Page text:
The eclipse was to be most visible in a 100-kilometre band across Chile, Argentina, Angola, Zambia and the Democratic Republic of Congo.
Stargazers applauded as they were plunged into darkness today when the moon passed in front of the sun in a spectacular “ring of fire” eclipse. Astronomers and enthusiasts in Argentina were among the first to see the so-called annular eclipse as it crossed South America shortly after 1200 GMT, on course for Africa.
Staring up through special telescopes, protective glasses or homemade cardboard pinhole devices, they watched the Sun all but disappear briefly as the Moon crossed its path. The eclipse was to be most visible in a 100-kilometre band across Chile, Argentina, Angola, Zambia and the Democratic Republic of Congo.
More than 100 stargazers gathered today morning in the southern city of Sarmiento, the point in Argentina where the eclipse was expected to be most visible. “I have already seen six annular eclipses and each one was different,” said Josep Masalles Roman, an enthusiast who came all the way from Barcelona in Spain.
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“This one is going to be very fine and it is possible that we will be able to clearly see Baily’s Beads,” a string of points of light produced as the sun’s beams break through peaks on the moon’s surface.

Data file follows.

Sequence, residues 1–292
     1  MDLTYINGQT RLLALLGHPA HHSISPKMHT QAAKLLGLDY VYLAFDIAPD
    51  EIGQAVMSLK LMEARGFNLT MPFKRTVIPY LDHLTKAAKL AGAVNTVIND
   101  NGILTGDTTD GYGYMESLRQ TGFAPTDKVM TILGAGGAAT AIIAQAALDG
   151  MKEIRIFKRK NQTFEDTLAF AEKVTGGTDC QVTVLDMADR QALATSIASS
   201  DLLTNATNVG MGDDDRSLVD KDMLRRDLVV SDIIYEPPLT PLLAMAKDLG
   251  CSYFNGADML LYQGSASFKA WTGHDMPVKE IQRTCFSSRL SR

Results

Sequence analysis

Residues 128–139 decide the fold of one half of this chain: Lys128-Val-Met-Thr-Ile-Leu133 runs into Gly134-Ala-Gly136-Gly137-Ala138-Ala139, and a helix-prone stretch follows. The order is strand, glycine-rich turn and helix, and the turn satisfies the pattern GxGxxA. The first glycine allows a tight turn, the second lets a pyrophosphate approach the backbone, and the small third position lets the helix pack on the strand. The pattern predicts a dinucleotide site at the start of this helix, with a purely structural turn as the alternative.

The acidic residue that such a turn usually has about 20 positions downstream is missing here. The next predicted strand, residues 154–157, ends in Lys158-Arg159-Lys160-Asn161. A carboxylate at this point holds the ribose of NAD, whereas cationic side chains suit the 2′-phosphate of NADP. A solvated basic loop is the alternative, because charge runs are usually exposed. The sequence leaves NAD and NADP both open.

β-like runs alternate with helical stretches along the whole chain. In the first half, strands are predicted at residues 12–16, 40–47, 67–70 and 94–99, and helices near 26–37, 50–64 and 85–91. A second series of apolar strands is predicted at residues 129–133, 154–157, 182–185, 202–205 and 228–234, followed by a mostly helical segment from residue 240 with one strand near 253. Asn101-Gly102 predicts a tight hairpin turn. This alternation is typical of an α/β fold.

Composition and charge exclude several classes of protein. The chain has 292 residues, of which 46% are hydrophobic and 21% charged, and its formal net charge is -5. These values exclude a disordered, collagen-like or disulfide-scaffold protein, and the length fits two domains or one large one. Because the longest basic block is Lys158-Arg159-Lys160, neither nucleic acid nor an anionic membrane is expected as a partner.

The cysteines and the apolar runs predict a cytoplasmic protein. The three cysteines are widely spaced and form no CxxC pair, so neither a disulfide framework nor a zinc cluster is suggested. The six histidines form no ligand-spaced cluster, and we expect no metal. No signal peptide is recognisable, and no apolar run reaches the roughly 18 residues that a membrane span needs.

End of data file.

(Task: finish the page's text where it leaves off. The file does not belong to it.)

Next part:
The spectacle will reach Angola south of the town of Benguela around 1515 GMT, then move to Zambia and DR Congo just before the Sun sets and the light show ends. An annular solar eclipse occurs when the Earth, Moon and Sun line up.
But even when perfectly aligned, the Moon is too far from Earth to completely block out the Sun, creating instead the impression of a fiery ring. Terry Moseley of the Irish Astronomical Association warned that viewers should not observe the eclipse with the naked eye.
According to the Astronomical Society of Southern Africa (ASSA), the eclipse can be safely observed using a basic pinhole projector. Punch a tiny hole in a piece of paper with a sharp pencil, hold it into the Sun, and project the image onto a second sheet.
The gaps between tree leaves make for a similar effect on the ground, says the ASSA website, calling this “the coolest and safest way to watch a solar eclipse”. “As about 90 per cent of the Sun is covered, you’ll notice a distinct drop in temperature and brightness, and a change in the quality of the light which is hard to describe,” Moseley told AFP.
Locals in the province of Chubut around Sarmiento said they noted changes in the height of the tide and animals acting unusually.
Experts say that as the day darkens, birds and animals enter a night-time routine, thinking sunset is nigh. At the height of the eclipse the Moon is right in the middle of the Sun, leaving a perfect ring of light around the edge.